I for one never knew that there was a substantive difference between annihilate and decimate, so at the very least you can consider my ignorance fought on this matter :slight_smile:

fellowshi ping?
Is th t some sort f new gay se term?

(this post has been decimated by the decimator)

Figures. The freakin’ ancient Roman army always shows up in my threads. :mad:


That would be the wrong usage of the word, by the OP’s strict definition. It didn’t originally mean “leave 10% standing”, it meant “get rid of 10%”.

You’re right, my imagination ran away with me. Oh well.

I don’t think it’s particularly fair to refer to that as “the OP’s strict definition.” The fact is that doing away with one out of ten is the original, classic definition of “decimate.” You’re almost making it sound like I’ve redefined the word or something, when that really isn’t the case.

From here :

and from here:

and from here:

Hardly my “strict definition”.

Of course, you are correct that it would involve doing away with 10% and leaving 90%, not the other way around.

The word “decimate” was never misused to describe the destruction of more than 10% of a given group. It was used metaphorically to describe situations similar to the punishment meted out by Roman emperors to underperforming legions, and probably has been used so since the days of those self-same emperors. I can easily imagine two Roman citizens discussing a particularly one-sided chariot race by saying, “It was like the blue team was decimated by the red team!” Since the number of times exactly 10% of any given group was wiped out would be pretty rare, the metaphorical use ended up outstripping and replacing the literal meaning, which was largely forgotten, except by historians and language pedants.

Keep in mind, too, that you routinely use words that have had their meanings just as severely abused as “decimate,” and probably aren’t aware of it. That’s just how language works. Ever describe something as “awesome?” If it didn’t literally leave you quaking with fear at its overwhelming power and majesty, than you’re just as bad as your history professors who talk about decimating indigenous Central Americans.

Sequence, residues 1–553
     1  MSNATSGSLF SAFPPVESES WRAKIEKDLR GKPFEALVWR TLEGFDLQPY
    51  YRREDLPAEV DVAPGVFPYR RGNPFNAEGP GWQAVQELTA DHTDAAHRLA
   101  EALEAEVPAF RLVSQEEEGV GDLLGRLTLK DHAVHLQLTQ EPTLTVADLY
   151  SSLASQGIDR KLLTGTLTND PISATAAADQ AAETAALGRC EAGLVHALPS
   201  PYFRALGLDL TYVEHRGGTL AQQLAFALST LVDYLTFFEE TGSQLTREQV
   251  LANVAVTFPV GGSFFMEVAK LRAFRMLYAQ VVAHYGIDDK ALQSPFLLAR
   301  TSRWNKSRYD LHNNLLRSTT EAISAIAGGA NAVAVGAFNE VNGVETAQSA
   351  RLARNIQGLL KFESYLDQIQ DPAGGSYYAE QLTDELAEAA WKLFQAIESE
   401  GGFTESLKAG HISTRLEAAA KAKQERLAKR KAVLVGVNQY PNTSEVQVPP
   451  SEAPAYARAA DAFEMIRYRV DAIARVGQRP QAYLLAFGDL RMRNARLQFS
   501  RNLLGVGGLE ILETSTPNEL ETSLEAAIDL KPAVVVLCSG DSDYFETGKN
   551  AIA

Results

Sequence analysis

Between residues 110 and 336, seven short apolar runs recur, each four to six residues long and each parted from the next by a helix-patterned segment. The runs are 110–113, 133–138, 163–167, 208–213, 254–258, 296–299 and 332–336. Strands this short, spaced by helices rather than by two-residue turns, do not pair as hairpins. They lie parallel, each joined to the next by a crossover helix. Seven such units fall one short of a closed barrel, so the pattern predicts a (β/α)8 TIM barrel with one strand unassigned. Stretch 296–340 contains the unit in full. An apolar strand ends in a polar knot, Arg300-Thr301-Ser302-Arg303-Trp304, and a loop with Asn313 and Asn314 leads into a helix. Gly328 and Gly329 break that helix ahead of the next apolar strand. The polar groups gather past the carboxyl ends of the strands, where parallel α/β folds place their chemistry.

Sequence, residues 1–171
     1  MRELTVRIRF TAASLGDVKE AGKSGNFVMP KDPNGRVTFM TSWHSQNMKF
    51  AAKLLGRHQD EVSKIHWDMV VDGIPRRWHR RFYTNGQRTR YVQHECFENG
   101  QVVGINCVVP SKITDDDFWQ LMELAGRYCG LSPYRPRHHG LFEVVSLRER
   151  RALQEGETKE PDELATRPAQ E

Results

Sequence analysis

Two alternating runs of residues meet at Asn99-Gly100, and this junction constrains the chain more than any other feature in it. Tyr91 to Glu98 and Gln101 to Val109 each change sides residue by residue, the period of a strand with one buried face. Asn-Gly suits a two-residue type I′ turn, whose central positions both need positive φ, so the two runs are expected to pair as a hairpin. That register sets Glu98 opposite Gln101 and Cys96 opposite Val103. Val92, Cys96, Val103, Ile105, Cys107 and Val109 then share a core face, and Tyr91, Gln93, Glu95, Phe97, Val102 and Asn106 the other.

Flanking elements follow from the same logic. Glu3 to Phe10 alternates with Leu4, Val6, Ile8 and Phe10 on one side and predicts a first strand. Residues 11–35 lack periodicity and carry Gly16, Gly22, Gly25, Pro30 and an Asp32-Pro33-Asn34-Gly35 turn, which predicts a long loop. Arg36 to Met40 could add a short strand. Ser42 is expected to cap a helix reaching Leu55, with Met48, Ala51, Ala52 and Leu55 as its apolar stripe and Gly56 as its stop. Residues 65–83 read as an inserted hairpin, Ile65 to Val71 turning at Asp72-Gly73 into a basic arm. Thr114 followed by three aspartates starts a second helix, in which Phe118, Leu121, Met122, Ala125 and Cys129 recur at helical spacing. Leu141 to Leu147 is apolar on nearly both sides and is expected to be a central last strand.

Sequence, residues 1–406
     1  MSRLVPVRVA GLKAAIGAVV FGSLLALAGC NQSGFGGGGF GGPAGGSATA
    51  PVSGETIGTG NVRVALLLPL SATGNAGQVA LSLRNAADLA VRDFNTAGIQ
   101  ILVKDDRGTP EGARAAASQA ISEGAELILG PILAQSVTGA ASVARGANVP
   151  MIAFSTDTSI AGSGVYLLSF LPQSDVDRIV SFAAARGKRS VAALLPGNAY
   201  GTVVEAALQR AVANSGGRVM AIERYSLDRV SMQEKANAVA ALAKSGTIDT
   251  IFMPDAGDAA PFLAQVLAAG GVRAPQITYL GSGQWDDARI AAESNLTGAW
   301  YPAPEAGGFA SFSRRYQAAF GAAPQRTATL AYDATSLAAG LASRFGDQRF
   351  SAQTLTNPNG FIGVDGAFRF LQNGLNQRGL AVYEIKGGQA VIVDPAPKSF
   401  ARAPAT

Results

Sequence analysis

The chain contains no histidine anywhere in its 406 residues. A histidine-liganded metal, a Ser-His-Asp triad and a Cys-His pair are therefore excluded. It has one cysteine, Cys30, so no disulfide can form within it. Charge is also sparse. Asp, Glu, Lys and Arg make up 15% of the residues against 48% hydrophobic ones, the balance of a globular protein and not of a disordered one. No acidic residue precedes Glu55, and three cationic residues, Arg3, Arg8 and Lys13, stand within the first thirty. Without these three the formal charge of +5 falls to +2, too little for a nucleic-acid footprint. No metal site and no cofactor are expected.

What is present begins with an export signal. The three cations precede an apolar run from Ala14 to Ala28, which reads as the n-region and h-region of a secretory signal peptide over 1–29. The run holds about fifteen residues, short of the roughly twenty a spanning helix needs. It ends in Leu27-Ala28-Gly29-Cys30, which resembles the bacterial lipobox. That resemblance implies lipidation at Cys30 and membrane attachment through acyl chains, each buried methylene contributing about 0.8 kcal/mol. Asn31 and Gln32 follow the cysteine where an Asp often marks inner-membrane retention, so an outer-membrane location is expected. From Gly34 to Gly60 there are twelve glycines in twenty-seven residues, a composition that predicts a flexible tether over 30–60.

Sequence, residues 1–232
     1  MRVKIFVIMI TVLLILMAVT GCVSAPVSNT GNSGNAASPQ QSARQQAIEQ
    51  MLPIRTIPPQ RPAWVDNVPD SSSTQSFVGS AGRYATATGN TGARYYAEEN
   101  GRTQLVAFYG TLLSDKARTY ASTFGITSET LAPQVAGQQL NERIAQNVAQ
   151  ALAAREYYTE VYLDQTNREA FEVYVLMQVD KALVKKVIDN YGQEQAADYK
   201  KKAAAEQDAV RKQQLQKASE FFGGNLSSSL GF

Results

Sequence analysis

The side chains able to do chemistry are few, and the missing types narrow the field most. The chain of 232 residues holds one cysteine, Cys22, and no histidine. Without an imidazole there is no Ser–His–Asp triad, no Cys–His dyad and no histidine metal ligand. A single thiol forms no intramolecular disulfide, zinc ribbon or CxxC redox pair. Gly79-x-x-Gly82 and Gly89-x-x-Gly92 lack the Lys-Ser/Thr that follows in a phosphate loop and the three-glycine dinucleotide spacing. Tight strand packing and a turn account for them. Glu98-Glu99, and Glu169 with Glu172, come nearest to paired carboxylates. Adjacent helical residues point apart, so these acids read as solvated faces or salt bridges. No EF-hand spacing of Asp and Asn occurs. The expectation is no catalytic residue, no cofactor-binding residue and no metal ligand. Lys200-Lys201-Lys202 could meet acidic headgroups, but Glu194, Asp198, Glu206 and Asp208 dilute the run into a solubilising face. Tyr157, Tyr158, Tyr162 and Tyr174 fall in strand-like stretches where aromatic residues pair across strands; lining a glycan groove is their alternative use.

Your definition is strict, in that is technically correct but rarely abided by. I’m not sure what the connection is to annihilate, either. Even in common parlance, decimate is not used to mean “destroy completely”.

Similarly, “awful” has come to mean something intensely disagreeable or even just a generic intensifier rather than inspiring awe or filled with awe.

Then there’s “terrific”, which is supposed to mean “inspiring terror”, but is now strangely means “really good”, “great”, or “magnificent”. At least “terrible” still has negative connotations.

For some really head-scratching changes in definition, look up the word “nice”.

That you use ‘major’, ‘vast’ and ‘total’ as synonyms makes me think you’re being choosy about your pedantry :wink:

As for insisting that ‘decimate = reduce by 10%’, the first two dictionaries I look at suggest you should consider the battle fought and lost. (Yeah, they’re British, and we do things differently.)

My bold - why? Etymonline says the ‘e’ was an 18th century addition in emulation of Italian, so why cannot the pronuncation do likewise?

King Charles II, asked what he thought of Sir Christopher Wren’s new St Paul’s Cathedral, is said to have called it “amusing, awful and artificial”. Sounds like he didn’t like it much… until you realise that he meant “pleasant to look at, awe-inspiring, and full of skilful artifice”.

For obvious reasons, as a Roman historian, I have the tendency to think the same way the OP does. It doesn’t bother me too much, though.

NOBODY expects the ancient Roman army! Their chief weapons are the gladius and an unbreakable wall of shields. And a steely resolve to kill 10% of their men as punishment.

Their chief weapons are the gladius, an unbreakable wall of shields, a steely resolve to kill 10% of their men as punishment, and a near-fanatical devotion to the Emperor.

I’ll come in again.

Except the Persians.